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Purpose of Editing

>Editing, or review, of translation by a second linguist is an industry-standard process that is of utmost importance to quality. In this post, I’d like to explain how my views on this process changed over the years. When I started as an English to Russian translator after graduating from Ivanovo University, I made some progress fairly quickly and was assigned to editing other translators’ work. With the limited knowledge I had at that point, I was able to make only those corrections that were absolutely necessary. But as I accumulated experience, I developed my own internal standards and began to judge all translations by those standards. I wanted each translation the way I saw it, which frequently resulted in heavy editing. Sometimes, I did improve the original translations, but occasionally I focused on minor things too much and missed critical errors. Finally, I came to realize that this style of editing is inefficient and reverted to my original “make necessary corrections only” approach. Here is why:

They say that tastes differ. This is especially true with languages. You can make 5, 10, or even 15 people do the same translation, and the chances that you will get at least two similar translations will be extremely low. For example, a phrase that I consider colloquial someone else can label bookish. When an editor rushes to “improve” translation, they are likely to end up rewriting it completely. They want to have it the way they would translate it from scratch. The end result is, in essence, a different translation, not an edited translation. The editor is back to where they started: this new translation requires editing by someone else.

Preferential changes account for a substantial portion of all editors’ corrections, to say the least. But do they contribute anything to translation? To answer this question, we need to dig deeper by asking a more basic question: what is translation? I think that in the final analysis, it’s an attempt to convey the meaning expressed with one language by using the words of another language. The only possible goal is to help one person understand the other. When I think of translation in these simple terms, what strikes me is that often, as an editor, I was losing sight of this goal completely. Metaphorically speaking, meaning is the core and wording is the wrapping around this core. Whatever the editor does to improve the “wrapping” doesn’t necessarily contribute to the meaning. Although undoubtedly important, style and terminology are far less critical compared to the meaning of the text. Even if you write poorly, e.g. call a laptop a “mobile computer,” the meaning is still there. Unnecessarily high attention to the “wrapping” means you are too much distracted from the “core” and moves you away from the ultimate goal of translation.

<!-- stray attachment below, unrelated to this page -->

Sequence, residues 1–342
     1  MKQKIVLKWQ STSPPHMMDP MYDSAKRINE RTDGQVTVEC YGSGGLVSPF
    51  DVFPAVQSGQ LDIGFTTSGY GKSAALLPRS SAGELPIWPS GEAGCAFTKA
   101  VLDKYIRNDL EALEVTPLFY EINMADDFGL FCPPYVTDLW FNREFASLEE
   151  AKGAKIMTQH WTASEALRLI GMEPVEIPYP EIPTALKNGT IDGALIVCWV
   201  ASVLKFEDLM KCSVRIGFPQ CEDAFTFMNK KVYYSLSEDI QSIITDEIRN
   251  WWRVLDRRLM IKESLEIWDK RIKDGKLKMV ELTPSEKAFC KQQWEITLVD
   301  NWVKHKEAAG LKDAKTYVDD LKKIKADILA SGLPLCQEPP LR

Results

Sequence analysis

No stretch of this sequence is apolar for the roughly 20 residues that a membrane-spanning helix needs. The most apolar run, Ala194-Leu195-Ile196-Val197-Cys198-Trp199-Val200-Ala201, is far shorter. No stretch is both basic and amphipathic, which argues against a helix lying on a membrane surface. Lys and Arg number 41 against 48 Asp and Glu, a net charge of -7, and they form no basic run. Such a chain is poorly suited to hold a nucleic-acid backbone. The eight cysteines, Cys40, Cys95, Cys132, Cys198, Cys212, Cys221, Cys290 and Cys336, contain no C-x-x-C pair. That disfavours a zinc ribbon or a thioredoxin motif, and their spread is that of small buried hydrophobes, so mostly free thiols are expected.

The more changes an editor makes, the higher is the risk of adding new errors. Many translators and translation agencies know this and even warn their clients against making corrections on their own. While a translator acts on the knowledge accumulated during the days or weeks of working on a project, an editor, being allowed a much shorter time frame, has to act on assumptions. Less time spent on decision-making means higher risk of poor linguistic decisions. For example, when a translation in the beginning of the text doesn’t make sense to an editor, they feel an urge to rewrite it immediately. A careful editor, however, suppresses the urge and simply marks the translation as questionable. Later, they either return to it or dismiss it, if they find an explanation in the following sections. An important goal for an editor is not to harm, i.e. to avoid changes that are detrimental to quality.

The two practical recommendations based on the above observations are:

1. Make only those changes that are absolutely necessary and you are 100% sure about.

2. Discuss all questions and changes with the translator or at least provide a summary of such questions and changes for them to review. Here is a good example.

By following these simple principles, the time I used to waste on multiple preferential changes I now spend on activities that have a much more positive effect on quality: making sure that the translation gets the meaning across correctly and adding value to the translation.

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About the Author

Roman Mironov
Roman Mironov
CEO & Founder

As the founder of Velior, Roman has had the privilege of being able to turn his passion for languages into a business. He has over 15 years of experience in the translation industry. Roman has helped dozens of clients increase sales by making their products appealing for speakers of other languages.